Nick Morgan (Gary Peter Lefkowitz, Andrew's pal, write-producer-director) plays his part like a yo-yo. Some parts are good, a few segments are great and the rest of it is white noise. This is due to the fact that Morgan is desperately trying to get DuVall to energize and start playing his part. At one point I almost expected Morgan to reach out, shake DuVall and scream "Snap out of it!" He didn't, but maybe he should have. Nick Morgan has a solid hold on his part, he understands what is supposed to happen, but when it doesn't he isn't able to fix it. Too bad, because I like Morgan and I think with a little coaching and some solid directing he could be really, really good.
That brings me to Larry Farley (John Barrymore, supporting actor). If it were not for Mr. Farley, the play would be a train wreck. Every time the man was on stage and active, he managed to pull the whole thing together, and he did it without apparent effort. He successfully managed to prop up John DuVall constantly, prevent Marissa from spinning into orbit and direct the audience's attention to the other actors at the proper time - and timing is everything. He saved the entire play, and I give him a tip of my best fedora and a hoist of the Sunday morning bourbon glass. Here's to you, Sir. Long life and a merry one!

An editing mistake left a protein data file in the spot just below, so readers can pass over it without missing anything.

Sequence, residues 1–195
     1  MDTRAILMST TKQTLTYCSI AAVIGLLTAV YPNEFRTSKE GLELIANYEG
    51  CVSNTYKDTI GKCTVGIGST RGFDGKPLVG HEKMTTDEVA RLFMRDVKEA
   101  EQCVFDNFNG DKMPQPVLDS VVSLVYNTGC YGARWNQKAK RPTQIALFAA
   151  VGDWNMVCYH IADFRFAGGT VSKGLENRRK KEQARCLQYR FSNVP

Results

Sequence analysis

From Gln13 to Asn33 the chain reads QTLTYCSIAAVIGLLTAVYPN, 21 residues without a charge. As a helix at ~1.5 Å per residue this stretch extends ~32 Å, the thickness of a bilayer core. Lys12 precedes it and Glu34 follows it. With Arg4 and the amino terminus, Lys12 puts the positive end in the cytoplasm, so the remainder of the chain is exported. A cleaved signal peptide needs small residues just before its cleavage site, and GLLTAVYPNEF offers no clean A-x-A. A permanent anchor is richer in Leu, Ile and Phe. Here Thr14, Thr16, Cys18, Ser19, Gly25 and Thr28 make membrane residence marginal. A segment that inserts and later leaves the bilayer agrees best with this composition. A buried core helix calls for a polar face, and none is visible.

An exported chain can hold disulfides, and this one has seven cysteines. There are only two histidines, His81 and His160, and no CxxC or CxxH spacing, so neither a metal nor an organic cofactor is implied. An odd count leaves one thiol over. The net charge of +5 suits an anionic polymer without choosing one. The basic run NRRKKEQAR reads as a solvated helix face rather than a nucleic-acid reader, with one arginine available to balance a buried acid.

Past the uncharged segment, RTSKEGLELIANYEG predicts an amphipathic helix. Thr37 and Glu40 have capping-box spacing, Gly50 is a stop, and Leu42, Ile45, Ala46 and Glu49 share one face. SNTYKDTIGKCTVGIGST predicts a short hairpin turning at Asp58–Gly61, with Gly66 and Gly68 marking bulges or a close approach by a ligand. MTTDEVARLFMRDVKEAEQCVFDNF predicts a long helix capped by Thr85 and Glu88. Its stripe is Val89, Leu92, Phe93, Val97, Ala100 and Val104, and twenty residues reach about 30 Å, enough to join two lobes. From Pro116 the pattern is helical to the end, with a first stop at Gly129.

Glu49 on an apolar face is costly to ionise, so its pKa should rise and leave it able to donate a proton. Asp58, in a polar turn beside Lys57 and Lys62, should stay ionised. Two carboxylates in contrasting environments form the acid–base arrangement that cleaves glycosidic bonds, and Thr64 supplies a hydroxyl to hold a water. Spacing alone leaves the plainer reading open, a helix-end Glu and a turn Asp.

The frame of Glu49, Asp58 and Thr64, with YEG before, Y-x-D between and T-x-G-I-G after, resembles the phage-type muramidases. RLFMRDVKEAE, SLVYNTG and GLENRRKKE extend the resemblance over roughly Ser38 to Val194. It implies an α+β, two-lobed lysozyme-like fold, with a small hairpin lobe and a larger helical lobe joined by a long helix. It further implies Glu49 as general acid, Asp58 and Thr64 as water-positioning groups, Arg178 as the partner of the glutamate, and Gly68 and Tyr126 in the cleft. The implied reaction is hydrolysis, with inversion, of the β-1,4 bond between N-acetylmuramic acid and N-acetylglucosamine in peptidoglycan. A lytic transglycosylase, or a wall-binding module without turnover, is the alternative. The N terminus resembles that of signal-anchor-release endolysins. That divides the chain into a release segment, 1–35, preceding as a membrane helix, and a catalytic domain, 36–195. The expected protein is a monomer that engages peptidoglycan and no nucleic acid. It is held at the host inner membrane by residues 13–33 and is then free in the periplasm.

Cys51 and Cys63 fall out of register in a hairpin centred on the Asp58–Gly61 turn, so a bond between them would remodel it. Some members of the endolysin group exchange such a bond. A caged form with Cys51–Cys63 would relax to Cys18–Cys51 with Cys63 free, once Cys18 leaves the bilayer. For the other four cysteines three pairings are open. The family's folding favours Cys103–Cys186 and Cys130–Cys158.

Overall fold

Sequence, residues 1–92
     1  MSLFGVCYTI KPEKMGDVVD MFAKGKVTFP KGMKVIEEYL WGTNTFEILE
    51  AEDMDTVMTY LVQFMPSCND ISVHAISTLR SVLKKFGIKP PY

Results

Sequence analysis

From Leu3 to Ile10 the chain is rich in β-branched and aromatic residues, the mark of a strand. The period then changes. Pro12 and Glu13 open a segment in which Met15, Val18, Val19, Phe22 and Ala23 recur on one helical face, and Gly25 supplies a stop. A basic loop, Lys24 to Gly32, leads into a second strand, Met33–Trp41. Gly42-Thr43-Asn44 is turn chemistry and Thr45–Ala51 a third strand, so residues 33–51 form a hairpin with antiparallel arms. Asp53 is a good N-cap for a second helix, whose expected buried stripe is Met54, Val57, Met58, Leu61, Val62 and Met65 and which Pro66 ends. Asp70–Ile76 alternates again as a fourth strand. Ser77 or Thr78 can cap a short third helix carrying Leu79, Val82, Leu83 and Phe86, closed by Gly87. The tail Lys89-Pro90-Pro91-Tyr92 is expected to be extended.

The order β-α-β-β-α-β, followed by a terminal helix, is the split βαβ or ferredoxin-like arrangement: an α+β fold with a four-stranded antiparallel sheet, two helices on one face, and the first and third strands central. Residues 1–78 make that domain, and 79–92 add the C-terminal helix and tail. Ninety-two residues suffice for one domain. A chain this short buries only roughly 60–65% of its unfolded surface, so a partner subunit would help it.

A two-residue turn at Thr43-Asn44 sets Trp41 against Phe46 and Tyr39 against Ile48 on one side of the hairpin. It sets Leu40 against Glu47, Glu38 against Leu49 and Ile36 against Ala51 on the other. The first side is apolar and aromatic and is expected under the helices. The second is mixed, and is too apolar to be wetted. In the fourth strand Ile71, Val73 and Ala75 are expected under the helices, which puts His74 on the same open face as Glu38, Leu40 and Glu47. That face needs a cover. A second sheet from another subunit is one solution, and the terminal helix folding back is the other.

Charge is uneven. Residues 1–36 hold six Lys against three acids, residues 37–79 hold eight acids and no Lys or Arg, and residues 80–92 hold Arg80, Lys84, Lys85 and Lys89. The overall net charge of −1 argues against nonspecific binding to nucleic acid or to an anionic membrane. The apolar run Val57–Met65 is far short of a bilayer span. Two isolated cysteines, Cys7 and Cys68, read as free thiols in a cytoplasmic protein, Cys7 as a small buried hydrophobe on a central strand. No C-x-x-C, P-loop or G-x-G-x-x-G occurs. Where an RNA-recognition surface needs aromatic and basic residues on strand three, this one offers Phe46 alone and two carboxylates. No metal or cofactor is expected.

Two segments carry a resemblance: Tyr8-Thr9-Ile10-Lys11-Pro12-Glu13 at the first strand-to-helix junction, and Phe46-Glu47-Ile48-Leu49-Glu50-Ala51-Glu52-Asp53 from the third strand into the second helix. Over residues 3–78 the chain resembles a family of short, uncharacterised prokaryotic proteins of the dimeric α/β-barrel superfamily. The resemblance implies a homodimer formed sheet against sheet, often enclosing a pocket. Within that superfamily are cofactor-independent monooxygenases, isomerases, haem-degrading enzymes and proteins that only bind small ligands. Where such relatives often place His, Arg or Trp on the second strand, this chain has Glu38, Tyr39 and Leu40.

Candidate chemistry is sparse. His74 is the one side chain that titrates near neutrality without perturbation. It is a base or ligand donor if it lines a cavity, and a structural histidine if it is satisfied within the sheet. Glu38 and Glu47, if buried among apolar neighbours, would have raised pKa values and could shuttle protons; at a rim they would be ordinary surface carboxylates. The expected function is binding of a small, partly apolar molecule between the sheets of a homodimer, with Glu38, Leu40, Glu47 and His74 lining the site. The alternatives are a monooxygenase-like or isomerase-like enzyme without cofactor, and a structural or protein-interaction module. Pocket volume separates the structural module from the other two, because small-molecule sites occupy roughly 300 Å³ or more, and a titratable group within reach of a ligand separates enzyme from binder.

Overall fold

If you decide to go and see the play, be forewarned. With the exception of Larry Farley, the cast generally doesn't project their voices well enough to be clearly heard in the rear of the theater - and The Toledo Rep is a small theater. Since a lot of the comedy relies on dialog, this could be a real problem if you sit in the back half of the theater. Also, the web site needs work. We bought our tickets from the web site and the interface leaves a lot to be desired.
If it were not for Larry Farley, I'd give the play a 4. Farley's efforts bring the score up to a solid 7 on a scale of 1 to 10. While I wouldn't pass up a Broadway play to see I Hate Hamlet, I'd certainly recommend it to anyone with a yen for a nice break from the movies and the rudeness of the cell phones, casual conversation and noisy snot noses that are the hallmark of a night at the movies. You'll enjoy this much more than a mere film.